Thanksgiving

The majority of the world lives without the hope offered by Christ. The open door to God’s throne is a unique post-resurrection-ascension-enthronement Christian notion and unique privilege. That we can pray, pour out our souls to a God who cares, is an incredible privilege. That we get answers from God is beyond incredible. Sadly, prayer is now seen as passé. It is the most under-utilized privilege afforded believers. The average American Christian prays only four minutes a day. God leaves his door open and invites us to visit and bring our troubles, doing so with gratitude in view of his previous grants. When heaven answers our prayer, we should not be silent about such a benevolent God.

Calling God

In the movie Bruce Almighty, a seven-digit number that flashed on Jim Carrey’s display was purportedly God calling. Usually, carefully chosen non-functioning numbers are used in movies. In that movie, the number displayed was a functioning number, at least, when paired with some area codes. A phenomenon followed the airing of the movie across the nation. People added an area code and started calling the number – presumably calling “God!” Those who received the calls “to God” quickly caught on. Many played along. Some found desperate callers on the other end of the line.

A call to a Colorado Network was from a woman behind bars. Only reaching an answering machine did not deter her from leaving a poignant message, “I’m in jail right now. Like I said to you last night, ‘I love you.’” She assured God she was going to change the way she was living and requested His help to return to her family. One person called the number and admitted that they knew this wasn’t the number for God, but wondered if there was another! One medical supervisor, whose seven-digit number matched that shown on the screen was getting as many as 40-50 calls a day shortly after the movie aired. People want to talk to God.[1]

God’s Invitation – “Call Me!”

Jeremiah, the weeping prophet who witnessed the demise of Judah, the destruction of the Temple, and the exile of his Jewish brothers, never lost faith in the power of prayer. “Call to Me and I will answer you and tell you great and unsearchable things you do not know” (Jeremiah 33:3, NIV). An unknown poet wrote, “When God inclines the heart to pray, He hath an ear to hear; To Him there’s music in a groan, and beauty in a tear.”[2] The desire to pray itself is evidence of God’s work in the heart. It is by grace that we pray.

A Gallup poll some years ago revealed surprising facts about prayer. Some 88 percent of Americans pray to God in one way or another, but only 42 percent dared ask God for material or tangible things – a surprisingly low number. And only 15 percent said they regularly experienced answers to specific requests.[3] God says, “Call me sometime!”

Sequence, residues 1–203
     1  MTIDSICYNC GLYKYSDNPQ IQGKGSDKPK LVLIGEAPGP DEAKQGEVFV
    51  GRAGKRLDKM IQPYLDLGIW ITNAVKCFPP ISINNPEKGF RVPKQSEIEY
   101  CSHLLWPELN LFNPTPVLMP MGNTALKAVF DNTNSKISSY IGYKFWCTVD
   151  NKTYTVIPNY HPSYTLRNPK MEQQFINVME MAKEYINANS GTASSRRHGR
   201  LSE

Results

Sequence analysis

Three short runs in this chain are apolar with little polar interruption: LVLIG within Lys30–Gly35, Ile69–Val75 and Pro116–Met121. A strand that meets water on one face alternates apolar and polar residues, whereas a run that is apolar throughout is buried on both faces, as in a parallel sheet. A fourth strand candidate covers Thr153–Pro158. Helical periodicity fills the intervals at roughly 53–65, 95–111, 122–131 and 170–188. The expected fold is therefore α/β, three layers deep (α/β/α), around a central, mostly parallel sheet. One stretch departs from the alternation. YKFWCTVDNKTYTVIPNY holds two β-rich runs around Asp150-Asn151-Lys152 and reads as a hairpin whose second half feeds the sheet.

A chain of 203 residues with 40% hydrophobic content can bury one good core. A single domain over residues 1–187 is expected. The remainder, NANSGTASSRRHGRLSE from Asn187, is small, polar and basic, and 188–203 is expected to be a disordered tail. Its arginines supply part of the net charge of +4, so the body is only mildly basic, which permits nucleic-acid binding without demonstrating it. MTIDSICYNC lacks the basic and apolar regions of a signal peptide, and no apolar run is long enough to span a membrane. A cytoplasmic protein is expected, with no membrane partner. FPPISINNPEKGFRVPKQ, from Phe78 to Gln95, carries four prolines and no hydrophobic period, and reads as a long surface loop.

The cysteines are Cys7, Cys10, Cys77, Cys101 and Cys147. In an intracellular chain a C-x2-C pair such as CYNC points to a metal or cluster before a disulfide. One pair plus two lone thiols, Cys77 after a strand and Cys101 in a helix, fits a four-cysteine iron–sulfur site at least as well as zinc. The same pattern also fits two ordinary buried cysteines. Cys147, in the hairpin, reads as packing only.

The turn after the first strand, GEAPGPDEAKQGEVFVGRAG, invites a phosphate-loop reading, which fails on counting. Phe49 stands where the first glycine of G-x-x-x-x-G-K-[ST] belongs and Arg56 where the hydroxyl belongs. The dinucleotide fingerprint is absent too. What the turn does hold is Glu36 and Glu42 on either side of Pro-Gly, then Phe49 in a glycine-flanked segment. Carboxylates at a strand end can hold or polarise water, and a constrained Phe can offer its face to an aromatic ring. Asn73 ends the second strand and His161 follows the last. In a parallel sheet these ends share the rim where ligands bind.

God’s Compassionate Nature

“In your love you kept me from the pit of destruction” Isaiah declared (Isaiah 38:17). The psalmist recalled, “O LORD, You brought me up from the grave. You called me back to life from among those who had gone into the pit” (Psalm 30:3, GWT).We rejoice first that there is a God. Then we are grateful He hears us when we pray, and He cares about us as a loving Father. Prayer is about the relationship, before it is about the benefits.

Just the privilege of prayer is worthy of joy and gratefulness. We rejoice, confident that there is someone on the other end of the line. To withhold our gratitude unless God performs to our expectations indicates the degree to which pride controls our lives. He is God, we are the servants. Prayer is no magic lantern to be rubbed and God is no genie who is there to blindly grant our wishes. That is a pagan idea of prayer! The idea of a compassionate God who hears us weeping in the night and cares is matchless among the religions of the world. And it is distinctively a Christian-Jewish notion.

 

P. Douglas Small is founder and president of Alive Ministries: PROJECT PRAY and he serves in conjunction with a number of other organizations. He is also the creator of the Praying Church Movement and the Prayer Trainer’s Network. However, all views expressed are his own and not the official position of any organization.

[1] Mike MacIntosh. Falling in Love with Prayer (Colorado Springs, CO: Victor Books, 2004), 27.

[2] John Julian, editor; A Dictionary of Hymnology: Setting Forth the Origin and History of Christian Hymns; “When God Inclines the Heart to Pray,” (New York: Charles Scribner’s Sons, 1892), 907; From Spurgeon’s O. O. H. Bk, 1866.

[3] Margaret Poloma and George Gallup, Jr., Varieties of Prayer (Philadelphia, PA: Trinity Press International, 1991), 26-52.

 

1 Comment

  1. Pastor Doug, can’t tell you how much the ministry He has poured through you through the years has meant to Phil & I. Thanks for the blog. Yes, what a privilege being able to have conversations with my Lord. Knowing He hears and I hear back. Love you & Barbara

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